Why Abby Michaels was found not guilty in her wrong-way crash murder trial



A Montgomery County judge ruled last week that evidence did not point to a Fairborn woman knowingly and recklessly killing members of a Mason family in a 2019 wrong-way crash.

Abby Michaels, 25, was found not guilty on six counts of murder and three counts of aggravated vehicular homicide in connection to the March 2019 crash that killed Karen and Timmy Thompson, as well as their 10-year-old daughter Tessa.

Montgomery County Judge Steve Dankof presided over her four-day bench trial last week. Bench trials are when a judge decides the facts of the case and reaches a verdict.

Michaels was released from Montgomery County Jail on Friday afternoon.

Dankof wrote in his verdict that expert testimony from Michaels’ treating psychiatrist, Dr. Christina Waite, showed Michaels’ medical conditions like psychogenic seizures dating from 2010 onward.

“... (B)ased upon Michaels’ documented medical history, she was mentally ill at the time of the accident with borderline personality disorder, post-traumatic stress disorder, psychogenic non-epileptic seizure disorder and bi-polar disorder, all of which were untreated, such that Michaels likely was not ‘knowingly’ and ‘recklessly’ operating the car,” Dankof wrote in his verdict.

Testimony by paramedic Derek Montgomery, who treated Michaels at the scene of the crash was also cited in Dankof’s verdict.

Montgomery performed an emergency tracheotomy to create an airway for Michaels that March 17, 2019 evening. Montgomery recounted that he had to take this step because Michaels’ jaw was locked shut and could not be pried apart.

“As established by Paramedic Montgomery, the only explanations for Ms. Michaels’ jaws being locked were trauma and/or seizure,” Dankof wrote.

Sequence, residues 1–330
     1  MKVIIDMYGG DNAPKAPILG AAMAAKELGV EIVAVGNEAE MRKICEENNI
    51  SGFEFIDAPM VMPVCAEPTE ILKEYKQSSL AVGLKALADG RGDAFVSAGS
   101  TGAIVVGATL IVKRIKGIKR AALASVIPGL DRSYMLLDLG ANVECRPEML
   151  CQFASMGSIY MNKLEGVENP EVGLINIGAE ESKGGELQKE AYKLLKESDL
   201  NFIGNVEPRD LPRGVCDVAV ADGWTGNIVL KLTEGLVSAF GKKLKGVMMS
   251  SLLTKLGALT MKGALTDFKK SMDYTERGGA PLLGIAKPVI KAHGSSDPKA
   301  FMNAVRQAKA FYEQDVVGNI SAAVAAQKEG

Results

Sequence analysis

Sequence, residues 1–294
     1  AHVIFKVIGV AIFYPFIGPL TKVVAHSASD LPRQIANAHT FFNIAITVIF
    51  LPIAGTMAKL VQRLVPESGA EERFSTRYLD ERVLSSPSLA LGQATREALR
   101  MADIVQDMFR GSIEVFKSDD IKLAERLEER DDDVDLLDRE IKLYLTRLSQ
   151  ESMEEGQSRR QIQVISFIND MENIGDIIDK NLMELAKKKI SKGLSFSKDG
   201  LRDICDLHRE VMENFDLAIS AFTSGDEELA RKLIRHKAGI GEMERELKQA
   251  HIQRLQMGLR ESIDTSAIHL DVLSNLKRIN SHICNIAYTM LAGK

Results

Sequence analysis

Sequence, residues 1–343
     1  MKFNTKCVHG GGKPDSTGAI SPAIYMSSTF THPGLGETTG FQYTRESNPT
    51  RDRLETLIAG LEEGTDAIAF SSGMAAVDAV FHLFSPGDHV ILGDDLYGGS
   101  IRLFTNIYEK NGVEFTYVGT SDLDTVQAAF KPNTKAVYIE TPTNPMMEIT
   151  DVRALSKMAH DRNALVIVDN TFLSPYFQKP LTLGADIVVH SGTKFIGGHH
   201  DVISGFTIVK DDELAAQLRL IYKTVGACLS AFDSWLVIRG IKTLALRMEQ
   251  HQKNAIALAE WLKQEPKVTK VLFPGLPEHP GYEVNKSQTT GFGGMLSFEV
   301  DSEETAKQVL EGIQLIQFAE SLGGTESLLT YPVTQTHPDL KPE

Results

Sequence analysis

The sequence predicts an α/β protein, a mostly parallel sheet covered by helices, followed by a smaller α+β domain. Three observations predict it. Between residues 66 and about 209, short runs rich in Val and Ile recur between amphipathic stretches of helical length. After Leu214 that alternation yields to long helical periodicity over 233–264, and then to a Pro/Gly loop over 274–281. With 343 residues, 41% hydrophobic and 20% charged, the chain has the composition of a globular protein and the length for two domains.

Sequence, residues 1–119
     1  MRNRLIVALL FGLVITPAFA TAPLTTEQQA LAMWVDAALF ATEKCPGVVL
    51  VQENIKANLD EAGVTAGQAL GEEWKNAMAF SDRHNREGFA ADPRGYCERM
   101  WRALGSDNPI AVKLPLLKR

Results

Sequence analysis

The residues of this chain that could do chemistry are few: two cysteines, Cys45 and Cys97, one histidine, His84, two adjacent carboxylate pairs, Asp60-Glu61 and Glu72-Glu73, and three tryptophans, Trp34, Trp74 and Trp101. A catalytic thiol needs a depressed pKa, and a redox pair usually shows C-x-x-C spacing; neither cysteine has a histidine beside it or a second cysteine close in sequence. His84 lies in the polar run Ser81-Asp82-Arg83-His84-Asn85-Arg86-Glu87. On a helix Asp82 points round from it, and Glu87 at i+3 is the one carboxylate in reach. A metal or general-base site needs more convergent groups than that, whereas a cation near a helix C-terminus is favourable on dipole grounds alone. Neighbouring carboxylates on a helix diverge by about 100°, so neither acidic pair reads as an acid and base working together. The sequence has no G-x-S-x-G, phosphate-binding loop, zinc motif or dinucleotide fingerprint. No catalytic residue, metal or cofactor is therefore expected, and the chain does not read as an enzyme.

Michaels’ ex-husband testified on the trial’s first day, saying Michaels’ told him in a call shortly before the crash that she intended on driving the wrong way on I-75. The woman later texted her ex-husband that she loved him and that she was “dying now.” The crash occurred minutes later.

Dankof called this testimony “untrue and unworthy of belief.”

Under cross-examination, Michaels’ ex-husband admitted that he did not disclose this part of his brief conversation with Michaels to law enforcement when they interviewed him hours after the crash.

“To the contrary, he expressly denied such a plan,” Dankof wrote.

Dankof also ruled that a crash reconstruction discussed in the testimony of a Moraine Police Department sergeant only illustrates “chaotic, random data” and does not point to controlled movements occurring in the five seconds before the crash.

Michaels previously was charged with an OVI count, but that charge was dropped from her indictment before the trial started. This follows Dankof’s 2021 decision to not allow blood-alcohol results presented as evidence against Michaels.

Dankof determined there were irregularities in the way the blood sample was collected and handled before testing, as well as flaws with statements made by an officer’s affidavit to Kettering Municipal Court in a request to have a warrant signed.

In his verdict last week, Dankof said the blood alcohol test results were “inaccurate and unfairly elevated” because of law enforcement’s “total failure to properly refrigerate the blood samples, thereby resulting in ongoing fermentation.”

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